Surviving Workplace Wellness With Your Dignity, Finances and (Major) Organs Intact is the new book by Lewis and Khanna which nukes the current workplace wellness landscape. It has me cheering, jumping up and down, and throwing a fist in the air. Now I know how people felt in 1776 when they read Thomas Paine’s, Common Sense. As Wikipedia states, “in clear and simple language it explained the advantages of and the need for immediate independence.”*
*Independence from Great Britain. Just in case.
Surviving Workplace Wellness is the kind of book that makes you want to pick up your own metaphorical musket and join the fight against wellness stupidity. If you’re one of the five people that voluntarily read my blog, you’ll know I am in agreement with these guys on almost everything they say.
There are four key reasons I like this book:
1. They don’t hedge. They’re against employers playing doctor. They don’t like HRAs, biomedical screens, extrinsic incentives, or the moronic claim that wellness programs lower healthcare costs. Of course, that means they think the whole multiple, positive ROI data are pure fiction.
2. They use basic arithmetic to make their case. Never saw that before in this business.
3. They expose a Far Side®-like perspective of Workplace Wellness that has been in front of us the whole time. We needed to see it. The book is very funny.
4. The media has picked up on their message resulting in a wave of critical thinking by the purchasers of wellness services. That’s a first too. Check out this post by Forbes.
But then as I was reading the book…
I Was Suddenly Laughing at Myself as Opposed to Laughing by Myself
(a distinction with a difference)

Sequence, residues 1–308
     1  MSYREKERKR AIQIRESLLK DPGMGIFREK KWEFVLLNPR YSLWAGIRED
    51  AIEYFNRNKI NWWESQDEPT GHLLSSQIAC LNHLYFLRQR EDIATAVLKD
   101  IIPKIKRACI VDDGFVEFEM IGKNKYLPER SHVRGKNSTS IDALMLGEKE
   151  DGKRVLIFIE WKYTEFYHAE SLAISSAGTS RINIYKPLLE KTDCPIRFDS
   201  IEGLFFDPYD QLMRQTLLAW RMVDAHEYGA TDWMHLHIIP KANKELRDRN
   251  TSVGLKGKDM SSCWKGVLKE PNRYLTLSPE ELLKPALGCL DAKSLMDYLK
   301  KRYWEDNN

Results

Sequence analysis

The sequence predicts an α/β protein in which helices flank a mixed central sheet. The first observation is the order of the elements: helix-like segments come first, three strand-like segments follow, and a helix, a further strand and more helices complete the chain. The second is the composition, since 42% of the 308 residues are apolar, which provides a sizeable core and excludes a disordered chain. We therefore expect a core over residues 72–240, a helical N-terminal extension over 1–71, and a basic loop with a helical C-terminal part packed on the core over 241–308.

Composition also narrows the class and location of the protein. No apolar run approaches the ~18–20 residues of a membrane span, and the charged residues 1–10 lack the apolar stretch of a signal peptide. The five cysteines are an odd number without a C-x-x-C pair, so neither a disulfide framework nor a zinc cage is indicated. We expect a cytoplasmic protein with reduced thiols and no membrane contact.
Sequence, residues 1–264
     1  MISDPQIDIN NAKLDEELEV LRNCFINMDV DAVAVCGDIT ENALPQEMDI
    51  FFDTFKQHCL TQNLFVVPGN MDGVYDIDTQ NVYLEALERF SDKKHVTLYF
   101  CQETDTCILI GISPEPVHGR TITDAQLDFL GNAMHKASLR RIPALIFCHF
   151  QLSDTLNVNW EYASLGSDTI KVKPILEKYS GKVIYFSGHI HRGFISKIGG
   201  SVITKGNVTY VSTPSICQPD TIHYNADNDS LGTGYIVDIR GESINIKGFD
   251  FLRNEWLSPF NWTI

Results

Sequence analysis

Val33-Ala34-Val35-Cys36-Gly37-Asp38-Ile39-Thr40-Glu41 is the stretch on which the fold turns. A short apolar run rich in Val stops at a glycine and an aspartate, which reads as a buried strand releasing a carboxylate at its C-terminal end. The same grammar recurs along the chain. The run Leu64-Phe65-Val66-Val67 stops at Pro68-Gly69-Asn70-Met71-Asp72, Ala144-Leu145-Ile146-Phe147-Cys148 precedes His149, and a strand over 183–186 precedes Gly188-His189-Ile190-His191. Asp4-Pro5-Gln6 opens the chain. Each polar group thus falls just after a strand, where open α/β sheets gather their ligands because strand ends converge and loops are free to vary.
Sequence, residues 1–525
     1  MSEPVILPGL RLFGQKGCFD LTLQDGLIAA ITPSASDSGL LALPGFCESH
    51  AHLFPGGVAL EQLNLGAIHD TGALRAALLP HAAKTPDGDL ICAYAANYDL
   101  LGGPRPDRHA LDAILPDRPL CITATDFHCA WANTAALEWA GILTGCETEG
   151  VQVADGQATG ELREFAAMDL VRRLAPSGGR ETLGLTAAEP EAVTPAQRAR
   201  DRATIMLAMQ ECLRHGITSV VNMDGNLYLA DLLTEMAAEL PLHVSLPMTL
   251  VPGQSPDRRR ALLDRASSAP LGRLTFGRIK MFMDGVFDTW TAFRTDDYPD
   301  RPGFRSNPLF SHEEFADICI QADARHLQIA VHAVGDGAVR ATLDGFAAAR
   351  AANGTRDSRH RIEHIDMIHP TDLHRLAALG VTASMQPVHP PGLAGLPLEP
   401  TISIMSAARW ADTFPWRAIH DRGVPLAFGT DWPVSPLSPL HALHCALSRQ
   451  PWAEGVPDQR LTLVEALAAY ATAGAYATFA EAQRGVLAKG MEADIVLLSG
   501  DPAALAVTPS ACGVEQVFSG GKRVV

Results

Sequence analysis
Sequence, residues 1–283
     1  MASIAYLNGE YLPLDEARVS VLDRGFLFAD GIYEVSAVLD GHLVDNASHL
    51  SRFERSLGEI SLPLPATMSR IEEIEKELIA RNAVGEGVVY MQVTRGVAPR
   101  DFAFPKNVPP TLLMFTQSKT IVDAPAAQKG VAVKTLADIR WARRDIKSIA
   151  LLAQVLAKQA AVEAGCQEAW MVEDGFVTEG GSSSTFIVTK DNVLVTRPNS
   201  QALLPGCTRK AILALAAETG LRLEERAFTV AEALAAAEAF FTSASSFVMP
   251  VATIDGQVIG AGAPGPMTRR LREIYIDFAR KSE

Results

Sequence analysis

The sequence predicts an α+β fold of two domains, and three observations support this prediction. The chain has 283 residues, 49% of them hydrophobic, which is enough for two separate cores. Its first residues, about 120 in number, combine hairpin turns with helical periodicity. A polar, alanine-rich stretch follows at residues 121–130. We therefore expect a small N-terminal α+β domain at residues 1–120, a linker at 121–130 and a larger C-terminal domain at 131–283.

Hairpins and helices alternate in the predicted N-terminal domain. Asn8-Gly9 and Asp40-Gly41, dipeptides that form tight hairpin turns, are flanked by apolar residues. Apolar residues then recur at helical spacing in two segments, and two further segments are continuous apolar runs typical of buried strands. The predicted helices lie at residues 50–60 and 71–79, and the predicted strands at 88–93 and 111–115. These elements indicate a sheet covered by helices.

I was laughing at the great humor in the book, at the expense of some self-important, arrogant asses in our business. When suddenly… near the end of the book, they take a crack at an article titled, 8 Truths to Boost Your Wellness Communication.
Wait! That sounds familiar. I wrote that!!! WT#! Now it appears I too am one of the self-important asses I’ve been laughing at. I must be part of the problem. Not part of the solution. How can that be? I am one of their “Sons of Liberty.” It seems I’ve been throwing the “pry-poke-and-prod” wellness model overboard since the Boston Tea Party.
Now I am a laughing stock. I was walking down the street the other day and some people pointed at me and yelled, “Hey, there’s Connors one of those self-important, arrogant asses Lewis and Khanna skewered in their new book. Just look at that jerk. Ha, ha, ha!”
My wife assured me they weren’t laughing at me. That I needed to remember that Lewis and Khanna didn’t even mention my name in their book, just the title of the article I wrote. And as much as I liked the book, she doubted the entire population of the United States read it yet. But really, what else could be so funny? Why is everyone looking at me so weird?
You know, just because you’re paranoid… suddenly this is like having Stalin as an ally. “Hey Comrade, relax we’re on the same side, no?”
The Problem With Using a Scorched Earth Strategy
Lewis and Khanna are on a Sherman-style march to the sea. They’re too busy destroying the enemy, supplies, sources of production, and distribution capabilities to nuance over little facts like:
1. Once you’ve destroyed the enemy then what?
2. What do you do with the defeated army?
3. Where is the new creative birth in the ashes of destruction?
4. What rules if any do the citizens of the defeated nation live under?
This is how you think when everything in health for the last 30 years is a war against something.
The authors are self-admitted recovering workplace wellness Kool-Aid® drinkers. In their own words, “we didn’t just drink this Kool-Aid, we served it up at banquets,” reminiscent of Tom Wolfe’s book, Electric Kool-Aid Acid Test.